Abbott Laboratories has paid dividends since 1926, and has raised them for 39 years. The company is a leading pharmaceuticals and nutritional company, with a total market capitalization of $102 billion. It pays a dividend yield of 3.1% on a payout ratio of 63%, somewhat less than its core competitors. Rivals Johnson & Johnson (NYSE:JNJ) and Merck & Co. Inc. (NYSE:MRK) pay dividend yields of 3.6% and 4.0%, respectively, while Amgen (NYSE:AMG) does not pay any regular dividends. The company's EPS expanded at an average rate of 22% per year over the past five years. It is forecasted to grow at a slower average rate of 8.5% per year for the next five years.
The company is facing patent expirations that will increase competition from generic drug makers, forcing price cuts, and thus putting pressure on margins. However, Abbott's product lines are highly diversified, given that the company offers a wide range of pharmaceutical and nutritional products as well as medical devices. The company also has a large international presence, with almost 60% of its total sales coming from abroad. This year, the company will split into two businesses, with the spin-off going under the name of Abbvie. The company's shares are currently trading at a discount to the pharmaceutical industry. The stock is changing hands at $64.75 a share, up nearly 22% in a year and at its new 52-week high. Billionaires Ken Griiffin, Ken Fisher, and David E. Shaw are fans of the stock.
Automatic Data Processing Inc. has paid dividends since 1974 and has raised them for 36 consecutive years. The company is a $28 billion payroll processing and outsourcing firm. It pays a dividend yield of 2.8% on a payout ratio of 57%. The company's core competitor, Paychex, pays a high dividend yield of 4%. ADP has raised dividends at a 12% average annual rate over the past five years. The company's EPS expanded at an average rate of 11.6% a year over the past five years. Analysts forecast that its EPS growth will average 9.6% per year for the next five years. The company is adversely affected by the weak labor market in the U.S; however, it has weathered the economic cycles well, raising dividends even during the bad times. The company will continue to withstand the headwinds going forward, so continued dividend payout raises can be expected in the future. The stock is currently changing hands at $56.47 a share, up 5.2% in a year. It has a forward P/E above that of its industry, on average. Guru fund manager Jean-Marie Eveillard (First Eagle Investment Management. Check out its holdings) and billionaires David E. Shaw and Jim Simons hold large positions in the stock.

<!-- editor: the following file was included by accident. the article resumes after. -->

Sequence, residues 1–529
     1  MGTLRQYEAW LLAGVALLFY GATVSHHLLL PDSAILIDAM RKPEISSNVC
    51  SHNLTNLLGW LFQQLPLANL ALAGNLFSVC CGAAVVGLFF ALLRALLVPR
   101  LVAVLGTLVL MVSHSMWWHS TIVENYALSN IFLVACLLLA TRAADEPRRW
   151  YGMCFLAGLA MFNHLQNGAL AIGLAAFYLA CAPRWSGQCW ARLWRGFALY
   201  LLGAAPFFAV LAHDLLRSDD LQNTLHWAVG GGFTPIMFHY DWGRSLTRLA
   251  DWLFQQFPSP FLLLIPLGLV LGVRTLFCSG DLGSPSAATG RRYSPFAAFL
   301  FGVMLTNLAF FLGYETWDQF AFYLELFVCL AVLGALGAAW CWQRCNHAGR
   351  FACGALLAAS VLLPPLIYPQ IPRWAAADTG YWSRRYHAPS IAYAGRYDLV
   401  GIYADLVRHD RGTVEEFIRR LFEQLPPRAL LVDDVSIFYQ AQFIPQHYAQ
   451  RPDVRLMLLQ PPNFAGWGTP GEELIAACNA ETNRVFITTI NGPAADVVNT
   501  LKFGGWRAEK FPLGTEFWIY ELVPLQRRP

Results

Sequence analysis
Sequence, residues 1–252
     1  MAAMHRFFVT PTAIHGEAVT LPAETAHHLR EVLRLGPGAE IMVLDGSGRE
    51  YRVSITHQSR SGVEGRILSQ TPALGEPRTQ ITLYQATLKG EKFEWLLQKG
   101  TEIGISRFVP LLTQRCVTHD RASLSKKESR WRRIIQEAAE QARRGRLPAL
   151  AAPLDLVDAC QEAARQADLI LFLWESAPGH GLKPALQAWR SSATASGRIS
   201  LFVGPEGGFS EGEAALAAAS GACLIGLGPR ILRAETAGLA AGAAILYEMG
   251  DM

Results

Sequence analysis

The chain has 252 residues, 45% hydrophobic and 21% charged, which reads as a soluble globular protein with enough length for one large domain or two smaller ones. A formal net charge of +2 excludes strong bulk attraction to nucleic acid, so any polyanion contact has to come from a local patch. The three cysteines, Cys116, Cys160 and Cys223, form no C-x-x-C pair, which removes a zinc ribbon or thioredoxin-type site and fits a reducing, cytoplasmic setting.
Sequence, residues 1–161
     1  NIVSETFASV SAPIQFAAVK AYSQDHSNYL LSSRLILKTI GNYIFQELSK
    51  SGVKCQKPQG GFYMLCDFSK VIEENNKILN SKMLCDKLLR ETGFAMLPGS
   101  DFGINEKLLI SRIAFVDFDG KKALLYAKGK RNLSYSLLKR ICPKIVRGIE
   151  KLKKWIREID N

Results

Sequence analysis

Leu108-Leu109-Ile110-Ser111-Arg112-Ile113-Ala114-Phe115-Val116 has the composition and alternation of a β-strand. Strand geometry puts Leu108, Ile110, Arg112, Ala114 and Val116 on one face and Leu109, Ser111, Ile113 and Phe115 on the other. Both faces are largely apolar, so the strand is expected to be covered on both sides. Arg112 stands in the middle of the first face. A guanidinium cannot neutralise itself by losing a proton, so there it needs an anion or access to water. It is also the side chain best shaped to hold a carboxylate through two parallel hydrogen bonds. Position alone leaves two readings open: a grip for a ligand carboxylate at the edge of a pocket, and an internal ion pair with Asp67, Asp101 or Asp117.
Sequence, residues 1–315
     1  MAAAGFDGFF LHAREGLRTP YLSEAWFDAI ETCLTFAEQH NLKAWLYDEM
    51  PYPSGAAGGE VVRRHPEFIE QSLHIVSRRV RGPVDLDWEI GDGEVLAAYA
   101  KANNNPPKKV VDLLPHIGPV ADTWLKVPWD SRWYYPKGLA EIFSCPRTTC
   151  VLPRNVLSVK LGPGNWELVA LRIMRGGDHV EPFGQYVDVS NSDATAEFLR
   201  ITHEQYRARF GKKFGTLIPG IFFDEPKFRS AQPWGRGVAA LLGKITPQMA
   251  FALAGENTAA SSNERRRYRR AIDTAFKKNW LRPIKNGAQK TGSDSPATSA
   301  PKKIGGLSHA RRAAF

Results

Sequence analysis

Wal-Mart Inc. is another dividend aristocrat on the list of stocks for the winning income portfolio. The company has raised its payout every year after commencing a dividend in 1974. The company is an international discount retail giant with $240 billion in market capitalization. It has raised its dividend at an average annual rate of 14.5% per year over the past five years. This year, the company raised its dividend by nearly 9%. Currently, the discount retailer pays a dividend yield of 2.2% on a payout ratio of 35%. The company's peers, Costco Wholesale Corporation (NASDAQ:COST) and Target Corp. (NYSE:TGT), pay dividend yields of 1.2% and 2.5%, respectively. The company is an American discount retail legend which is increasing its international presence. It has just celebrated its 50th birthday, and looks poised to celebrate many more successful years down the road. Wal-Mart trades at $71.08 a share, at its new 52-week high. The company's shares are priced on a forward P/E, almost on par with that of its industry. Legendary investor Warren Buffett's Berkshire Hathaway is among major Wal-Mart investors (see Warren Buffett's top picks).
Disclosure: I have no positions in any stocks mentioned, and no plans to initiate any positions within the next 72 hours.